be behind you." If Doole were any closer to the Concho County line, it
would be in Concho County. It's interesting to note that many ghost towns are
just over (or just this side of) a county line. The legislation demanding county
seats be centrally located killed the economy of these towns, just as surely as
if they were by-passed by the railroad.|
Gansel was what Doole
was originally called, but that was denied by Washington when they requested a
Post Office by that name. Brady's Postmaster
David Doole had been advising them, so they requested one in his name and
it was granted.
Doole's former high school stadium/baseball field had
concrete bleachers and was built on a hill. This gives it the appearance (if one
has a good imagination) of a Mayan ball court or a Roman amphitheater.
If you're on an unhurried trip, then a short drive to Paint
Rock would be in order. Doole still holds it's own ZIP code (tightly). It's
the High School Stadium. Come early or you'll be sitting on Cactus|
Ruins at Doole Several
overgrown houses offer some good photo opportunities. Porch swings, cactus and
clothesline poles. The High School Stadium with its native stone walls and cement
bleachers are just west of "downtown." Rubble from somewhere has been pushed over
into the southern part of the stadium.
Recent rains have deposited a
sea of mud that looks like a solidified lava flow at Pompei. A 1957 Plymouth with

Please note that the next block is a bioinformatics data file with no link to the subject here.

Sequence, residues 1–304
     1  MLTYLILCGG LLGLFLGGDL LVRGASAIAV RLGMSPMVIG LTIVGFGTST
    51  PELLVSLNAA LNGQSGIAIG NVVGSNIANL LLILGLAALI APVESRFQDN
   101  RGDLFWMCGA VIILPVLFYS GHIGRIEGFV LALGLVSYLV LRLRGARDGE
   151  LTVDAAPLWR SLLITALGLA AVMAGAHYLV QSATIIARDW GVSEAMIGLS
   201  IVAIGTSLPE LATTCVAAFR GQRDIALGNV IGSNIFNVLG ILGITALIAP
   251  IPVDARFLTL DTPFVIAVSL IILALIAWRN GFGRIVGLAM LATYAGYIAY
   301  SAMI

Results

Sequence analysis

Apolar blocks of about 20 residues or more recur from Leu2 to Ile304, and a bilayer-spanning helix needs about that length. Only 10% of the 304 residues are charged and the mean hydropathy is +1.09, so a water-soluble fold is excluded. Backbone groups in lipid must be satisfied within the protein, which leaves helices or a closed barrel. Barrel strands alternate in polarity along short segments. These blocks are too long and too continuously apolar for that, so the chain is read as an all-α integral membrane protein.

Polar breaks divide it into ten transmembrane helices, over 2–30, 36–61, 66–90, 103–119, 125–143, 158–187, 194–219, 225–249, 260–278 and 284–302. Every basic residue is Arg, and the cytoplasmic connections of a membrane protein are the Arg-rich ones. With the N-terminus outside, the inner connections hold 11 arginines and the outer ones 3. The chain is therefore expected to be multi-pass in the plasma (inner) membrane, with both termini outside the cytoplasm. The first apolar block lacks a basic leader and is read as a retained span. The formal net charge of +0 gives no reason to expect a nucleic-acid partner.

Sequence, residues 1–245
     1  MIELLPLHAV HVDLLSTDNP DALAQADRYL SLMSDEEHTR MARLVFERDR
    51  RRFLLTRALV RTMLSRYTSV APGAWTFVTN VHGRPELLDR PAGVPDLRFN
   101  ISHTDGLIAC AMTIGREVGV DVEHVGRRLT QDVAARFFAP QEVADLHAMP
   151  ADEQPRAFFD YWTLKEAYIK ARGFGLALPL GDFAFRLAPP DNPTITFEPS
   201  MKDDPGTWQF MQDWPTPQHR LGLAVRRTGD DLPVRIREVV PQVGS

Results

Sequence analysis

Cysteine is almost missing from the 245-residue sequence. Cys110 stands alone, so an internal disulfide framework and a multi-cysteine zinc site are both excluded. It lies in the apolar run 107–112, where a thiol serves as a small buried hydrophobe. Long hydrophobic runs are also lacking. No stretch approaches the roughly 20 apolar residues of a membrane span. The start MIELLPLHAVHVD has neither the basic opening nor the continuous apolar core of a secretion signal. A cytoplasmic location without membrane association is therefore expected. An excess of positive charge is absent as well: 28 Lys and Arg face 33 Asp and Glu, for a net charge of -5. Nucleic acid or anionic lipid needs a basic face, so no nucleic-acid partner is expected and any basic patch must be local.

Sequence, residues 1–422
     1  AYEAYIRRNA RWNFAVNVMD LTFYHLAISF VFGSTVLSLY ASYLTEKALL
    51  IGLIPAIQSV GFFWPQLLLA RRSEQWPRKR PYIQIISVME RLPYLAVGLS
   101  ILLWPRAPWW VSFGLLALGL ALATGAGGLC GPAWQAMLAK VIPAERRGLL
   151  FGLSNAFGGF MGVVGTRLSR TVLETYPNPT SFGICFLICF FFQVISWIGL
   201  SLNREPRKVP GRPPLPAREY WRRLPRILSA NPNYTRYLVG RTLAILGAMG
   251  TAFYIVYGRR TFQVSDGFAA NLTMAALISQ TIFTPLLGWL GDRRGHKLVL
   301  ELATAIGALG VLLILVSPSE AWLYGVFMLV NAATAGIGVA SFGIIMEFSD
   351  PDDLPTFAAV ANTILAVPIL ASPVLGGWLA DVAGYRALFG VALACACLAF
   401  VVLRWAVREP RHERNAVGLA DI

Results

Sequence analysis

its trunk open has been left in what might have been the parking lot. The weathered
houses and the unique stadium/amphitheater make Doole a memorable ghost town.
with cactus in Doole|
TE photo, 2001
ticket office is still in excellent condition."|
Photo courtesy Carla Foft
In 2011 my boyfriend and I took a Labor
Day road trip to several of the Ghost Towns
listed on this web site. I was looking for some inspiration for a sequel to my
book and my boyfriend was just looking for an opportunity to leave town.
went to several sites around Brady, TX
and had a great time. The best site we went to was at Doole. The stadium
is, unfortunately, continuing to fall into ruin at an alarming rate. So anyone
interested should plan to see it in the next few years. The rock retaining wall
is still very much intact in most places and extremely fascinating. Both Jim and
I were intrigued by the amount of time and effort it must have taken to build
all of the structures associated with the stadium. The ticket office is still
in excellent condition and I have included a picture
of me leaning out of one of the windows. There was very little of the seating
area still discernable and snakes are now a big concern. So when you go, wear
some sturdy leather boots with non-slip soles and strong denim jeans. Definitely
no shorts, Capri pants or sandals.
The cemetery was interesting
as well. The site was on my Tom-Tom GPS and it was well worth finding and visiting.
- Carla Foft of Midland,
TX, September 28, 2011
The picture you have shown of a house with cactus in front was my grandmother’s
home Willie Daniels. She and my uncle Sam Daniels lived there until the 70’s.
- Lessie Sunvison Koester, June 03, 2008
My grandmother lived
in the center of Doole in the 50's - 70's. Prior she lived off a county road between
Doole and Stacy. I remember the store located not at the 4 way stop but further